Shawn Berger. Chandelier. January 22nd , 2018.
Light requirement is a feature of a user which is hard to predict. For example, if a sanitary standard says that the minimum light intensity recommended for a stay in a room is 200lx, there are always people who will require 500lx or more. What is more, the older a user is, the higher his light requirement is. Various demands on the intensity of light can me met in various ways. A chandelier with a higher number of bulbs whose light intensity we want to decrease can serve as an example. Such a decrease in the light intensity can be reached by: installing a double switch (the chandelier will be only partially lit), installing a dimmer (the light intensity of all lit bulbs will be gradually regulated), exchanging current bulbs for ones with a lower power.
Over time, it was found that the grease and wax from the candles ruined the wood, so metal began to be used in designing chandeliers. Designers then began to experiment with unique and interesting designs, as well as many different materials (such as iron, brass and silver.) These materials are still used today. The chandelier grew in popularity in the 17th century as it began to be seen more and more in homes, with new elaborate and beautiful designs. This continued into the 18th century, and much of the designs we see today dates from this period.
Antique chandeliers are becoming increasingly popular in the home these days, especially with new décor styles that include old and new being mixed in wonderful ways. Higher ceilings and different styled homes have made the chandelier the ideal piece for any room, especially since they do not make the room feel cluttered. Traditionally, antique chandeliers would welcome your arrival at the foyer of a (very affluent) home or was found hanging low to captivate you in a dining room. These days, chandeliers are found in just about any setting from the upper class mansion to the normal suburban home, to the traditional home.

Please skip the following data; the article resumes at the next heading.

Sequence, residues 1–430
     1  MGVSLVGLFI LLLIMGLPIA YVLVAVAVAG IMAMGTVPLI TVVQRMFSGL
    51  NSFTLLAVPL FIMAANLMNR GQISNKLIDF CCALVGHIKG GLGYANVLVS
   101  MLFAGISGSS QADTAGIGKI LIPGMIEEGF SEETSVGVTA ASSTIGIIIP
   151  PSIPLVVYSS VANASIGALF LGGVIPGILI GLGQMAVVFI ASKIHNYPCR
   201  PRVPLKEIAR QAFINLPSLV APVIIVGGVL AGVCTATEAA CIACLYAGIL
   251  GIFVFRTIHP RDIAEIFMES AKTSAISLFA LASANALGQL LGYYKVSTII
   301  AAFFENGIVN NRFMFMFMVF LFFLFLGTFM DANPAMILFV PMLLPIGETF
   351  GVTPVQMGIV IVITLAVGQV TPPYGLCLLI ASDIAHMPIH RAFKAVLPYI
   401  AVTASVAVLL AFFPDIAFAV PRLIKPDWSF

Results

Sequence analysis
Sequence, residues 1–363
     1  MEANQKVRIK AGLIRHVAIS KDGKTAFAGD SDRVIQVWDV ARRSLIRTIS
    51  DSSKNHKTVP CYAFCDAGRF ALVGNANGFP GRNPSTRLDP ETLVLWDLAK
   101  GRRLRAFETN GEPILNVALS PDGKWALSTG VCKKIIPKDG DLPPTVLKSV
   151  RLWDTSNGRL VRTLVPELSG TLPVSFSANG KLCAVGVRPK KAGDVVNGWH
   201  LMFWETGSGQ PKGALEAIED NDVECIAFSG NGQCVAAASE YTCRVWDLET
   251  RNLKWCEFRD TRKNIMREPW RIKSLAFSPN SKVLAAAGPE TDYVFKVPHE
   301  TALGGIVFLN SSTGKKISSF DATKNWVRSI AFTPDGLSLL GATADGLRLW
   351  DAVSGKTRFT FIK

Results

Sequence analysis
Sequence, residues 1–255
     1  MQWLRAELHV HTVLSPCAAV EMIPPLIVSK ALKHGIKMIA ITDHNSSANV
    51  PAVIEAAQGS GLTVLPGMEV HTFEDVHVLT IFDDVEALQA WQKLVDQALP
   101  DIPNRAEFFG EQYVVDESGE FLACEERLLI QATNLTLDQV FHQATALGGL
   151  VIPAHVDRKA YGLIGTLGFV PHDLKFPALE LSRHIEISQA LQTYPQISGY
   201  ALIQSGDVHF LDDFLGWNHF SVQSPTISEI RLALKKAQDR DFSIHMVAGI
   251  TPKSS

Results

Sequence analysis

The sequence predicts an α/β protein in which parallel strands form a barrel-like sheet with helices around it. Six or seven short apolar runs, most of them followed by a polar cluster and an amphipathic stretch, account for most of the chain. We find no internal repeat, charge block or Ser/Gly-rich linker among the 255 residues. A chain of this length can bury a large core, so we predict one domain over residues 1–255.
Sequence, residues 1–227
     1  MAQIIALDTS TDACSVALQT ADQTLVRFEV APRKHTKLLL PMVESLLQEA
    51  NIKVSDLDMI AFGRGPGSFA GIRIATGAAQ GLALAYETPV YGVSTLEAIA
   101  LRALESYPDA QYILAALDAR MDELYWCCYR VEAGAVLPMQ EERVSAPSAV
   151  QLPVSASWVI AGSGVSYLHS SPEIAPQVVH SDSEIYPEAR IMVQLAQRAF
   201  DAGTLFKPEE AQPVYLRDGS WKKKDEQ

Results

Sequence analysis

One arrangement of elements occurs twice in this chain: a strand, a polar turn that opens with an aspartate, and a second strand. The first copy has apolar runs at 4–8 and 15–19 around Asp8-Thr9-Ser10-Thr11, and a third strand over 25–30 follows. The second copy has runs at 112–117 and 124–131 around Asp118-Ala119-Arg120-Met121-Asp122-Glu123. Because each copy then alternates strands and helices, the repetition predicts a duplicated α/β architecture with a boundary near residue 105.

The earliest chandeliers were very basic, almost primitive devices that involved two pieces of wood connected together to form a cross. A spike was inserted at each end to hold the candles and a rope or chain was connected to the crosspiece and then suspended from the ceiling. As a former antique dealer, Ive found that nearly all of the earliest chandeliers were destroyed and very few authentic examples remain in existence today. The chandelier found its resurgence in the eighteenth and nineteenth centuries and was found in the great palaces of Europe and America.
Crystal Chandeliers: The most expensive and luxurious chandeliers are made of crystals. They are the most traditional form and manufacturers of these hardly use crystals. This is because a layman prefers cheap and modern chandeliers over the more extravagant ones. Ceramic Chandeliers: The next most expensive are the ceramic chandeliers, which are made of porcelain. Ceramic chandeliers are mostly manufactured in China and exported all over the world. The Netherlands also have porcelain factories that manufacture ceramic ones.
Any content, trademark/s, or other material that might be found on this site that is not this site property remains the copyright of its respective owner/s. In no way does Birthplaceofspeed claim ownership or responsibility for such items, and you should seek legal consent for any use of such materials from its owner.